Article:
20. The said instructions were carried out by the Mate and the members of the crew who were then on the Abbott, and the vessel under the command of the Mate, at about noontime, raised anchor and proceeded out of the harbor in obedience to military instructions.

  21. The Master rejoined the ship outside the harbor at about 3:00 P.M. on December 3rd, and thereafter the Abbott proceeded in convoy to Augusta, Sicily. The voyage was a difficult one, the ship being short handed and steering with great difficulty because the rudder was partially jammed in a port position, and many members of the crew were suffering mustard gas burns, and were otherwise physically handicapped in performing their arduous tasks.

  22. Arrival at Augusta was had on December 5th, and all injured men were given medical attention, 14 being hospitalized for burns, and the ship remained in Augusta until December 22, 1943, whence she returned to Bari on December 24th and there discharged her cargo.

  23. On January 10, 1944, departure was had from Bari for the United States via intermediate ports, and the homeward voyage was concluded at New York on March 10, 1944.

  24. No new Articles were signed after the original ones referred to in Findings 5 and 6, by any of the members of the crew after December 2, 1943, and until the crew were paid off in New York on March 16th. 25. On March 16, 1944, the libelants were paid off before the Shipping Commissioner, receiving in addition to their base compensation a War bonus of $ 100 a month, an area bonus of $ 5 a day, a port attack bonus of $ 125, and an explosion bonus of 15% of base wages, as well as payments for loss of personal effects, and disability payments, as shown below: Name Gross Net wages Payments Payments wages after for loss for for round deduction of of disabilities voyage advances & personal allotments effects Belobraydich, 3rd cook Steward $ 1805.55 $ 1321.62 $ 131.35 $ 430.00 Lishman, Utility Messman 1573.49 1424.72 142.50 -- Link, O.S. 1126.46 442.74 112.94 300.00 Salkay, Radio Operator 2262.30 1055.66 35.00 -- Binning, Jr. Asst. Purser 1720.00 635.55 80.00 500.00 Tischauer, Messman 1545.01 829.70 74.35 -- Hurst, Messman 928.50 620.38 68.45 -- Hodak, A.B. 1731.23 1095.38 -- -- Leesnitzer, Deck Engineer 1247.68 929.27 207.75 676.67

  26. No libelant made a claim for salvage prior to or at the time that he rejoined the ship on December 3, 1943.

  27. No libelant made any claim for salvage at the time that all members of the crew were paid off on March 16, 1944, nor at any time prior to the filing of the libel herein on March 27, 1944.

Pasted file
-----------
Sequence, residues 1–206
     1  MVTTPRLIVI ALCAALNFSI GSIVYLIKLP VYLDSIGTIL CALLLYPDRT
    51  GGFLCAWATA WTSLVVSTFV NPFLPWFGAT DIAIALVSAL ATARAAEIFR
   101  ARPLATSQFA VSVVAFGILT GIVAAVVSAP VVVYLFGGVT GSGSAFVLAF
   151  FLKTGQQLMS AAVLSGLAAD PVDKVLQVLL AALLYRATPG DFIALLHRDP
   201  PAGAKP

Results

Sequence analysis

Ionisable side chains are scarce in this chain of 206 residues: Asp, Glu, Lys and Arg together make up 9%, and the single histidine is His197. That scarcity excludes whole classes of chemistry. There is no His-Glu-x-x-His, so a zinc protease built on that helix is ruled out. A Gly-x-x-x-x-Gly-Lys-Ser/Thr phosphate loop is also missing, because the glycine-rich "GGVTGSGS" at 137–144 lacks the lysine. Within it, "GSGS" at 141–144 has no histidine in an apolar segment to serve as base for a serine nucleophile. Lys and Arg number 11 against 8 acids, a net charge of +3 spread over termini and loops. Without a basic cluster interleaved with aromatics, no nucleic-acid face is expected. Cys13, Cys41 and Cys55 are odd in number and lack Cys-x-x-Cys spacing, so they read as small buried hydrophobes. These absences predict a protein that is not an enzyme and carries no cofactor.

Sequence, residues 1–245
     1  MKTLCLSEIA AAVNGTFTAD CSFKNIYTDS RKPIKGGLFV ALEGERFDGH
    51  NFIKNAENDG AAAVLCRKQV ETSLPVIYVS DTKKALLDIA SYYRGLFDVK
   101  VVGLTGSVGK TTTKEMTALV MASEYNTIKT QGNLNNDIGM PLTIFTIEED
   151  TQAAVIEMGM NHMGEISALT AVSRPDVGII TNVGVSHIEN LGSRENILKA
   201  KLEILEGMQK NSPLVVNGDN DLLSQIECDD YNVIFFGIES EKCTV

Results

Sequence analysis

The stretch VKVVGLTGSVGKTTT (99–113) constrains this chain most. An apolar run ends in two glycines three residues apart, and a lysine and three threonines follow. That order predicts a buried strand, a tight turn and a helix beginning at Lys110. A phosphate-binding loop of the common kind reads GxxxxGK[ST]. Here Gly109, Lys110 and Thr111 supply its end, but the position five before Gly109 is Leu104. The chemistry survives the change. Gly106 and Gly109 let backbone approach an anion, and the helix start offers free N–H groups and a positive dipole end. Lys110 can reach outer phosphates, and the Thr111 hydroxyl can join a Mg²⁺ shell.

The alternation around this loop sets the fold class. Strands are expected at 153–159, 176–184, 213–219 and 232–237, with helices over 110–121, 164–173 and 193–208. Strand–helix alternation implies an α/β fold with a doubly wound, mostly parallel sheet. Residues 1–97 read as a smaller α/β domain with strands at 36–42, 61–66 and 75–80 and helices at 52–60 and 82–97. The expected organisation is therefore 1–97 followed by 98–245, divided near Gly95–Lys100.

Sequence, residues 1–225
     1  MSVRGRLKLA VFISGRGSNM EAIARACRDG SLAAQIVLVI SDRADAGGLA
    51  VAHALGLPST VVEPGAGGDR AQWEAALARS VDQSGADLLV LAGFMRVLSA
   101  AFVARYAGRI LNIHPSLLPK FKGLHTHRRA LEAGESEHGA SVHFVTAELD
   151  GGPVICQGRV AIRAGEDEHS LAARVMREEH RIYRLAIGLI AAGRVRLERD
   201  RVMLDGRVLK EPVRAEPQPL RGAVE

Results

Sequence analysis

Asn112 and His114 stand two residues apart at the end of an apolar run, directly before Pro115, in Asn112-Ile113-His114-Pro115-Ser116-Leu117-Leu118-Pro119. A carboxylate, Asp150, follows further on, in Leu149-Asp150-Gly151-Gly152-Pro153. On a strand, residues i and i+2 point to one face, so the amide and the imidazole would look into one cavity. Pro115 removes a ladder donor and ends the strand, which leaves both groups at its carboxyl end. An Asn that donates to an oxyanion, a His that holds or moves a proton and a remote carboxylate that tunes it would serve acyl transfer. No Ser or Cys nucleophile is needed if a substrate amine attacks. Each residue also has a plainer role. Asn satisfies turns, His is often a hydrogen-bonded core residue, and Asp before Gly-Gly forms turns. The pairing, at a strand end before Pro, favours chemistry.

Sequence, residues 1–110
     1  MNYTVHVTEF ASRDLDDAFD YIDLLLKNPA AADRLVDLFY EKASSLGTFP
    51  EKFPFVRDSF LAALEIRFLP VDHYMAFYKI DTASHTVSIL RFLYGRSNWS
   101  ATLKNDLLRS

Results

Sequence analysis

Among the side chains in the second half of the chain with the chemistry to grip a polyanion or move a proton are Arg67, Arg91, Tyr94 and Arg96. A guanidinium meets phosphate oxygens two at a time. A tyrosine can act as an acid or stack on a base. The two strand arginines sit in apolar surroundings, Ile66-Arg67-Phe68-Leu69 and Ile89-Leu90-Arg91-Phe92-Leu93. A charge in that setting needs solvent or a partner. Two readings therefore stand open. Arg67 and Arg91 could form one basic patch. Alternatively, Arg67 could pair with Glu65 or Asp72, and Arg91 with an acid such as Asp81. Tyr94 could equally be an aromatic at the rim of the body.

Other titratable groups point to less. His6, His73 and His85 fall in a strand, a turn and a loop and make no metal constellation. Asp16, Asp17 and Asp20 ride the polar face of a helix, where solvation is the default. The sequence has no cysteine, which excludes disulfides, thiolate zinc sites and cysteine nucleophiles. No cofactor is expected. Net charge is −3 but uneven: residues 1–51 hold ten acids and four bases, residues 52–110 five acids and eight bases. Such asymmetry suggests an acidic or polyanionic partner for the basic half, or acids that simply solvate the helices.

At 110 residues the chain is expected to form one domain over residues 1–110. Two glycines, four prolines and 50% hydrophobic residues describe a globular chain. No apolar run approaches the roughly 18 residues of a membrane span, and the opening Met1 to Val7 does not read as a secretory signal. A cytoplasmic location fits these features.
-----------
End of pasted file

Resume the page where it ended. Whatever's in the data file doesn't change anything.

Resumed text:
28. No libelant made any claim for salvage at the time that all members of the crew were paid off on March 16, 1944, nor at any time prior to the filing of the libel herein on March 27, 1944.

  29. The libelants in this cause, 9 in number, constituted one-third of the 27 men who rejoined the ship at Bari on December 3, 1943.

  30. Of the 9 libelants, 4 testified in this cause.

  31. When the Master, Dahlstrom, gave the order to abandon ship on December 2, 1943, he did so in order that the wounded might be taken ashore and the others of the ship's company be promptly removed from a position of great peril caused by conditions in the harbor which have been stated, to one of comparative safety ashore, and not with the intention of failing to repossess himself of the ship if circumstances should render that possible.

  32. The expressed belief of the Master that the ship was sinking was based upon a hasty and incomplete inspection, and was not incompatible with an intention on his part to return in the event that his belief should prove to be unfounded.

  33. The decision of the Master to withdraw the crew and himself from the ship was induced by the presence of a burning ship and one which had exploded, neither of which was nearer than 900 feet from the Abbott, and by the presence of flying particles of steel metal and shrapnel with which the air was filled, and which might cause the cargo of the Abbott to explode and thus bring about great loss of life on the part of the crew.

  34. The order to abandon ship and the withdrawal of the crew from the Abbott, under the circumstances of this cause, was not a final abandonment of the ship without purpose to return if that should prove to be feasible, and did not discharge the libelants and other members of the crew from the obligations created by the ship's Articles.

  Conclusion of Law

  The libel must be dismissed but without costs.